[openstack-dev] [nova] Distributed Database

Robert Collins robertc at robertcollins.net
Sun Apr 24 20:28:45 UTC 2016

On 24 April 2016 at 12:15, Edward Leafe <ed at leafe.com> wrote:
> On Apr 24, 2016, at 6:41 AM, Michael Bayer <mbayer at redhat.com> wrote:
>> I'm only seeking to counter what appears to be the premise of your blog post, which is that distributed and SQL are mutually exclusive.   When you say, "why don't we just query the database?"  You can make distributed SQL look like that to the application as well, but it might not bring any advantages.
> That’s my fault for the confusion. My problem with SQL was in the modeling of disparate resources, each of which has all sorts of different qualities, into a single relational model. I fully understand that SQL DBs can have a distributed model like that of key-value stores or column family stores.

It is important to remember that there are five really different
challenges we're dealing with here:
 - correctness
 - extensability / reuse within the OpenStack ecosystem. See the
discussion on quota's for a recent thread on that.
 - latency optimisation of APIs. - e.g. get all our APIs to respond
w/in 5ms 95% of the time on a mid-sized cloud.
 - scale optimisation of APIs - keep latency of APIs near-constant as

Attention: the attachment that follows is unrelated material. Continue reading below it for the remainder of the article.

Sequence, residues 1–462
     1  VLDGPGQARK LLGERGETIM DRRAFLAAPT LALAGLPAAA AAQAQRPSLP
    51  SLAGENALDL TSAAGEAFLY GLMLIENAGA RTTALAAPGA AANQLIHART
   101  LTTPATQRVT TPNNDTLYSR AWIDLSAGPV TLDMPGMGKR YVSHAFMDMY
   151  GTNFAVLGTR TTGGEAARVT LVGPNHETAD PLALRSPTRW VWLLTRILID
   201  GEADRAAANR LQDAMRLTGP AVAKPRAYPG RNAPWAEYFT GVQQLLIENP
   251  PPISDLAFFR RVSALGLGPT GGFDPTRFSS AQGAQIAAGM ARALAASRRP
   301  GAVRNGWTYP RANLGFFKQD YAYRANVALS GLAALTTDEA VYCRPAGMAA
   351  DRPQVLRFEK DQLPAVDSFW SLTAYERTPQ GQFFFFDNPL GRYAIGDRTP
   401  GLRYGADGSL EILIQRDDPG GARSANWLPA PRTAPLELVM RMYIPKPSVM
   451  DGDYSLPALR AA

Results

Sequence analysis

the number of services comprising a cloud scales up
 - reliability - keeping the cloud basically available even when
hardware or software failure are occuring (short of catastrophic ones

Solving each of those challenges is essentially domain specific
knowledge - data correctness with SQL vs a k:v store vs a column
familty style store vs a document database store are all different in

I believe it is possible to solve all of these with single-node SQL
servers, but you need to bring in layers on top of it - and the cited
big examples that have done this have done exactly that.

It is also possible to solve them using a distributed database -
cassandra/riak/<anythingbutmongodb>/... - and plenty of examples exist
of that being done as well.

There are also things like
https://github.com/apache/incubator-trafodion /
- SQL distributed on Hadoop. I suspect it is at least partially
inspired by http://research.google.com/archive/spanner.html .

Fundamentally though, there are lots of ways to solve for the 5 things
above, and right now we're not systematically doing *any* of them.

In a LEAN sense, it would be good to push back actually deciding which
of the mutually conflicting approaches we might choose until we need
to decide - but I'm not sure how best to structure for that.

Some of the ways that come to mind for addressing some / all of these
issues - some of which we have folk working on bit by bit...

 - we can fix up our existing data store: tune the queries, tune the
schema, tune RPC traffic, such that we can run at (say) 100x our
existing scale, tell folk to depend on Galera for reliability.
 - we can mix into that sharding for scale, presuming we *have* a
scale problem once we're using the DB well
 - we can put robust instrumentation into place to tell us where we
have gotten do w.r.t latency and performance
 - we can split out the best-effort, RPC, and must-deliver message bus